With Rain Falling on Texas Cities, Drought Rages on in the Rural West
Driving a pickup through a ranch outside of Marfa, Texas last week, grad students Justin Hoffman and John Edwards came across a sight sadly common for their region in far West Texas. A cow that had perished in the field.
What was strange about the grisly discovery was the condition of the body. After months in the elements, the animal still looked very nearly intact. The arid weather had dried its skin and organs “like jerky,” says Edwards. He gave its side a knock with his fist, the hollow drum-like thud illustrating his point.
For many Texans who came close to forgetting what rain looked like, this past winter was a welcome surprise. Unusually-wet weather helped Central and East Texas crawl their way out of last years historic drought. But the same can’t be said for the Trans-Pecos region, the far western point of the state, where the drought persists unabated.
Unfortunately, that region is also one of the least populated parts of the state, causing some to worry that its plight could be forgotten if wet weather continues in Texas’ population centers.
“Last year, the whole state was in drought at one time or another and most of the state was in exceptional drought, so we can call it ‘the Texas drought’ and say it’s bad everywhere. That’s the easy five-second statement. But now things are complicated,” John Nielson Gammon, the State Climatologist tells StateImpact Texas.
Now Nielson-Gammon says there’s no more “Texas Drought.” There are different regions in different levels of recovery. And some are not recovering at all.
Dr. Louis Harveson directs the Borderlands Research Institute in Alpine. He says the drought has become so bad in the western point of the state that birds have skipped it over in their annual migrations. Bears are encroaching in thickly settled areas. In one high profile incident last February, a mountain lion even attacked a young boy on a well-trafficked trail in Big Bend National Park. The boy survived, but Harveson, who is an expert in mountain lion behavior, says he expects there will be more conflicts with wildlife if the drought persists.
“Even if you’re just walking out there not even looking, it’s like you’re walking on glass. I mean the grass is so dried out and desiccated that you know something’s wrong, How these animals are finding anything to eat is beyond me” he says.
The area will also see more economic hardship and anxiety over its water supply if the drought continues. That’s something that could be exacerbated if political power centers like Austin, Houston and Dallas, stop paying attention.
“Texas is a crisis management state. We lurch from crisis to crisis, the legislature reacts to whatever the crisis du jour is,” State Rep Pete Gallego [D-Alpione] tells StateImpact Texas. “So if there is a perception that the drought isn’t an issue anymore, then the legislature will move on to other issues. Which is unfortunate for us, because we’re not out of the drought.”
If the weather doesn’t improve, it will pose fresh challenges to a population that’s already dealt with its fare share of them.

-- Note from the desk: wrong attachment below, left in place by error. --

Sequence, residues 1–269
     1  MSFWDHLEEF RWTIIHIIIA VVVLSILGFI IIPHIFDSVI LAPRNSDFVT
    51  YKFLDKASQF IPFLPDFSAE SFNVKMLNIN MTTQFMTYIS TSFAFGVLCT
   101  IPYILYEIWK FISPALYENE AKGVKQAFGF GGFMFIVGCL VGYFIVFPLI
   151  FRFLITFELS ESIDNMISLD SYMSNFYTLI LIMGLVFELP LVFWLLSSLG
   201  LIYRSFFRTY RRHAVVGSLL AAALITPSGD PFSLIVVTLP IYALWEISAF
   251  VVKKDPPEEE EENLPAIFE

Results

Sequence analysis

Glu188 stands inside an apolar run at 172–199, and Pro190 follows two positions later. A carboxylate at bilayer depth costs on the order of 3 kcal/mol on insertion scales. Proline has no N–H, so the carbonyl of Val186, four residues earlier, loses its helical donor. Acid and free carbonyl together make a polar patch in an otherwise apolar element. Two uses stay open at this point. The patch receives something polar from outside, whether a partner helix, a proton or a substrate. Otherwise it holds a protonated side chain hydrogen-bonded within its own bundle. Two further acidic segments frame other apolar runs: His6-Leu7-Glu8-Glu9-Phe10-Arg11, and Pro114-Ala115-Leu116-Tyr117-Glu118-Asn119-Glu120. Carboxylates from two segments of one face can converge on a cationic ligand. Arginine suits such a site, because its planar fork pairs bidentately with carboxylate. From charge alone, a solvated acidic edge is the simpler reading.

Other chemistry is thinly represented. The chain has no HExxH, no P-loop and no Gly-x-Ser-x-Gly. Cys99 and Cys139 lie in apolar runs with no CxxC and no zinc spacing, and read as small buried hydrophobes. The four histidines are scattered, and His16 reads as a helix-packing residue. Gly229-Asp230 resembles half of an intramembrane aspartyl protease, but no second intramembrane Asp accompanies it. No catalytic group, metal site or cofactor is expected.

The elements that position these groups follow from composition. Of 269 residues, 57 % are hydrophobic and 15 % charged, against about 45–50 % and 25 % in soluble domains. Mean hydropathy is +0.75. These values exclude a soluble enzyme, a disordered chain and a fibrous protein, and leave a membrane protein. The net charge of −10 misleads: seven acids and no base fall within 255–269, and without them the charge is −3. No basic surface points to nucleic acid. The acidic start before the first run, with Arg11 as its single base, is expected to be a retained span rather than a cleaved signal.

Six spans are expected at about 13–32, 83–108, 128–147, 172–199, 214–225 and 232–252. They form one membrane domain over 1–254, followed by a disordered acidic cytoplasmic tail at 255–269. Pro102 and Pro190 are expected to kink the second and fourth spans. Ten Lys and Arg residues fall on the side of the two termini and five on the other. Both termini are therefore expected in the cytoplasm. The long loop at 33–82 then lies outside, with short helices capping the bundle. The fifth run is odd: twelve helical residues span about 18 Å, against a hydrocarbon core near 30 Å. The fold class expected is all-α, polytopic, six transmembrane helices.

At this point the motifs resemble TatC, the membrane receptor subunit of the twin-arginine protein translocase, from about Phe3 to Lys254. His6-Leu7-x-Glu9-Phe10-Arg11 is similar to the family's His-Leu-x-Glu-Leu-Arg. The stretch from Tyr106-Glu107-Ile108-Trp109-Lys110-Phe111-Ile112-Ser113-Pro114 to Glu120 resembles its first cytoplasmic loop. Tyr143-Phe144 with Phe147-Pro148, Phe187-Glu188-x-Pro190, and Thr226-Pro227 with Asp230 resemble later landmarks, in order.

“This may last longer than we think it’s going to,” Albert Miller, a lifelong rancher and County Commissioner in Jeff Davis County says. Like many ranchers, Miller was forced to cull his herd dramatically last year because of the lack of rain. If this summer brings more dry weather, he says he doesn’t know how ranching will survive.
“If the state could do one thing it would be to fund more studies of where there is groundwater, how much is there and what’s our lifetime on this, particularly out here,” he says.
Like many others, he also wonders whether larger, thirsty cities will try to take the decreasing amount of water that remain n the Trans-Pecos for their own use.
“El Paso is the 800-pound gorilla in the room,” he says with a laugh. In fact, he says, large tracts of land outside of his hometown of Valentine have already been purchased by El Paso for the water that exists underneath.
“We don’t mind sharing, the challenge is that we want to make sure that we’re not giving our lifeblood away,” says Representative Gallego.
“We’ve got this growing business of water speculators that out there who are looking for pockets of water that they might be able to tap into, that they might be able to sell in bigger cities,” he says.
Gallego also worries that the State Water Plan, which received a lot of attention last year when the whole of Texas was in drought, may fall by the wayside if Texas’ populations centers become greener, wetter and more complacent.
“The legislature has chosen not to fully fund the water plan,” he said.
While some wait to see how policymakers will respond, others wait for rain.
Back on the ranch in Marfa, the grad students Edwards and Hoffman watch clouds forming over a distant mountain range. Hoffman wonders if anyone else is paying attention.
“The way I think of it is, this part of Texas is almost like a whole other state, there’s so many differences. And with all your population elsewhere a lot of people forget this part of the state,” he says.
That night, at least, it did rain, bringing a little more relief to a region in dire need of it.